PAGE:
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A: There are those who suspect Wildflower Center volunteers are the culpable and capable culprits. Yet, others think staff members play some, albeit small, role. You can torture us with your plant questions, but we will never reveal the Green Guru's secret identity.

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Friday - March 27, 2009

From: mcdonald, PA
Region: Mid-Atlantic
Topic: General Botany
Title: Can plants in the same genus cross-pollinate?
Answered by: Joe Marcus

QUESTION:

Can you cross-pollinate plants from the same genus?

ANSWER:

Plants employ just about every pollination scheme imaginable and some that we're not sure anyone would have imagined.  The flowers of some species only self-pollinate, some may self-pollinate or will also accept pollen from other plants of the same species, some will not self-pollinate at all and must receive pollen from other plants of the species.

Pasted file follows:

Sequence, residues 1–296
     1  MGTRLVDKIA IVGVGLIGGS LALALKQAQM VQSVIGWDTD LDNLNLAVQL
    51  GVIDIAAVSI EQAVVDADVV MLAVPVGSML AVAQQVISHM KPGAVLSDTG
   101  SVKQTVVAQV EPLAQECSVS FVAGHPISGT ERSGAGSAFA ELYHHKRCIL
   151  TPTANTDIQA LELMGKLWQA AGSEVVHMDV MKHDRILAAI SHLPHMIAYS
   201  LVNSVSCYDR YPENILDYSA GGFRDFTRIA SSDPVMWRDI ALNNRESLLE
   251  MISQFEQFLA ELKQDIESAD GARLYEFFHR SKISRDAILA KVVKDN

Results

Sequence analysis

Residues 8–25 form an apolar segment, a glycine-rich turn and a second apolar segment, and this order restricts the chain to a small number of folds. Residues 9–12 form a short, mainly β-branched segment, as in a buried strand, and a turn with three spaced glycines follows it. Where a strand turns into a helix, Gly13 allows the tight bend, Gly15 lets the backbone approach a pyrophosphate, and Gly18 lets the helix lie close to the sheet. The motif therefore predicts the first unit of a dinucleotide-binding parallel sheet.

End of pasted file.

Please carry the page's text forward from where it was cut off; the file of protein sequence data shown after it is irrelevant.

Some species readily cross with other species within their genera, some cross occassionally, some cross very rarely, most seem to never cross with plants outside of its species, These crosses, if successful, are known as interspecific crosses and produce hybrids which may be fertile, but are more commonly infertile.  In more rare cases, some species even cross outside of their genera (intergeneric crosses) also producing hybrid offspring.

 

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